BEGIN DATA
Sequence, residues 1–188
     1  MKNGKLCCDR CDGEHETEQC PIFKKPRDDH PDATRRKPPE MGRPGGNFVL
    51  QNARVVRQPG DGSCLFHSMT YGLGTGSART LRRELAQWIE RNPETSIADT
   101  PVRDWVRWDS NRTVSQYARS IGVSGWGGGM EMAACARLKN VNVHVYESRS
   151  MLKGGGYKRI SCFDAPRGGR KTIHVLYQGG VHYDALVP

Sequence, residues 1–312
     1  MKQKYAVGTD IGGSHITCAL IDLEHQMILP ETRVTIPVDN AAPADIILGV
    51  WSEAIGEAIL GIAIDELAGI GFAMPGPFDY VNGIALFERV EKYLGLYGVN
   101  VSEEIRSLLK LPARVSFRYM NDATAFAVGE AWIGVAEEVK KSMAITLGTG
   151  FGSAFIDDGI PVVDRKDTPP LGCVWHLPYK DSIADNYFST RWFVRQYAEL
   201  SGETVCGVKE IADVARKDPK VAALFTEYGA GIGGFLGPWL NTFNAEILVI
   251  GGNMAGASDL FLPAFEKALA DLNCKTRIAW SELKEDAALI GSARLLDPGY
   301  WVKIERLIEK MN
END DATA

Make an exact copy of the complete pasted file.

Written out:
Sequence, residues 1–188
     1  MKNGKLCCDR CDGEHETEQC PIFKKPRDDH PDATRRKPPE MGRPGGNFVL
    51  QNARVVRQPG DGSCLFHSMT YGLGTGSART LRRELAQWIE RNPETSIADT
   101  PVRDWVRWDS NRTVSQYARS IGVSGWGGGM EMAACARLKN VNVHVYESRS
   151  MLKGGGYKRI SCFDAPRGGR KTIHVLYQGG VHYDALVP

Sequence, residues 1–312
     1  MKQKYAVGTD IGGSHITCAL IDLEHQMILP ETRVTIPVDN AAPADIILGV
    51  WSEAIGEAIL GIAIDELAGI GFAMPGPFDY VNGIALFERV EKYLGLYGVN
   101  VSEEIRSLLK LPARVSFRYM NDATAFAVGE AWIGVAEEVK KSMAITLGTG
   151  FGSAFIDDGI PVVDRKDTPP LGCVWHLPYK DSIADNYFST RWFVRQYAEL
   201  SGETVCGVKE IADVARKDPK VAALFTEYGA GIGGFLGPWL NTFNAEILVI
   251  GGNMAGASDL FLPAFEKALA DLNCKTRIAW SELKEDAALI GSARLLDPGY
   301  WVKIERLIEK MN